Phillippines is a Far Eastern country with Travel Info


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Country Description: The Philippines is a developing democratic republic consisting of more than 7,000 islands, of which 880 are inhabited. The major areas are Luzon to the north, the Central Visayas, and Mindanao in the south. Tourist facilities are available within the population centers and main tourist sites. English is widely spoken in the Philippines and most signs are in English.

Passport and/or Visa Requirements: U.S. citizens with a passport valid for at least six months and an onward ticket can enter the country without a visa for visits up to twenty-one days. Additional information concerning entry requirements may be obtained from the Embassy of the Philippines, 1600 Massachusetts Avenue, N.W., Washington, D.C. 20036, telephone (202) 467-9300, or from the Philippine Consulates General in Chicago, Honolulu, Los Angeles, New York, or San Francisco.

Travel Warnings, Advisories and Areas of Instability: Crime is of serious concern in the Philippines. Reports of homicides, kidnapping, other crimes of violence, confidence games, pickpocketing and credit card fraud are common in the local press and usually involve Filipino victims. However, foreign tourists are sometimes victims of crimes as well. Visitors are urged to beware in crowds or areas not normally frequented by tourists and to be cautious when approached by strangers. Tourists frequenting lower quality nightclubs, where reports of drugging and robbing of foreign tourists are common, are particularly at risk. Lost or stolen U.S. passports should be reported immediately to local police and to the U.S. Embassy in Manila or the Consular Agency in Cebu. Photocopies of the passport identification page should be kept separately from the passport. Useful information on safeguarding valuables and maintaining personal security while traveling is provided in the Department of State pamphlet, "A Safe Trip Abroad." It is available from the Superintendent of Documents, U.S. Government Printing Office, Washington, D.C. 20402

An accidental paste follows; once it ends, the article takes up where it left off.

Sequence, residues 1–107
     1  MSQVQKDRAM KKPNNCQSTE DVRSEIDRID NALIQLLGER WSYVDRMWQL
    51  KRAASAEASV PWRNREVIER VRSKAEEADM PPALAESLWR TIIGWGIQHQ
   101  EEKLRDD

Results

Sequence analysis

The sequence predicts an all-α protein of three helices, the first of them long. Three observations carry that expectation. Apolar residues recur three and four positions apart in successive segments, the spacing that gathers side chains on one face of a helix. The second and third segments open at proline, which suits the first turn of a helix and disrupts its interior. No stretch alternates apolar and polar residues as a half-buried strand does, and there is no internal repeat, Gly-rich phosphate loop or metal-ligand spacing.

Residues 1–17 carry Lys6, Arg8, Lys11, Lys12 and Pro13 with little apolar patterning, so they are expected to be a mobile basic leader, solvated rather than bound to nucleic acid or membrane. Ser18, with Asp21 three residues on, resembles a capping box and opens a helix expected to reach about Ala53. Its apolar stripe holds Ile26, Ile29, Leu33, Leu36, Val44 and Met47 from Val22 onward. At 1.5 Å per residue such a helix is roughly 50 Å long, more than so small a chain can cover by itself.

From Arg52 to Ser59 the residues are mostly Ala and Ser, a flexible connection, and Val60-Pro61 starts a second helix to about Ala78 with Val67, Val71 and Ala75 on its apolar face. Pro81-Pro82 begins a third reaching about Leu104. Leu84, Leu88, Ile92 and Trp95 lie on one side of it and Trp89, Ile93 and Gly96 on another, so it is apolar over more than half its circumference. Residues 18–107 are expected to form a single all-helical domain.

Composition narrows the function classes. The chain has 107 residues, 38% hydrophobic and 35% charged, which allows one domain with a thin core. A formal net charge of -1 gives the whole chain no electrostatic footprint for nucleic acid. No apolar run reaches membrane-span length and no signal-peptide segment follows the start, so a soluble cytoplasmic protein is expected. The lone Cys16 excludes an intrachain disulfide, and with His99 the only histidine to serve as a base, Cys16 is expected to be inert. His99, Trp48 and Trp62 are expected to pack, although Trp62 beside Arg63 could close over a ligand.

Road Safety and Internal Travel: Travel within the archipelago can be done by boat, plane, bus or car. Few tourists rent a car to drive themselves as the road system is crowded and discipline is weak. Driving off the national highways and paved roads is particularly dangerous, especially at night. Caution is urged in planning travel by older, inter-island ferry boats or other public conveyances to avoid overcrowded or unsafe transport.

Drug Penalties: Travelers are subject to the laws and legal practices of the countries which they visit. In the Philippines, penalties are strict for possession, use, or trafficking in illegal drugs. Convicted offenders can expect jail sentences and fines. Capital punishment is possible for certain drug-related crimes.

Carrying Firearms: The Philippine government has very strict laws regarding the possession of firearms by foreigners. Several foreigners have been sentenced to life imprisonment for bringing firearms into the Philippines.

Aviation Concerns: In July, 1995, the U.S. Federal Aviation Administration announced that it had found areas in which the government of the Philippines' Civil Aviation Authority was not in compliance with international aviation safety standards for oversight of Philippine air carrier operations. The government of the Philippines was given a conditional rating. While consultations to correct the deficiencies are ongoing, Philippine air carriers are permitted to conduct limited operations to the U.S. subject to heightened FAA surveillance. The FAA is not providing heightened surveillance for operations to destinations other than the U.S. Travelers may contact the U.S. Department of Transportation hotline at 1-800-322-7873 for a summary statement of the assessment.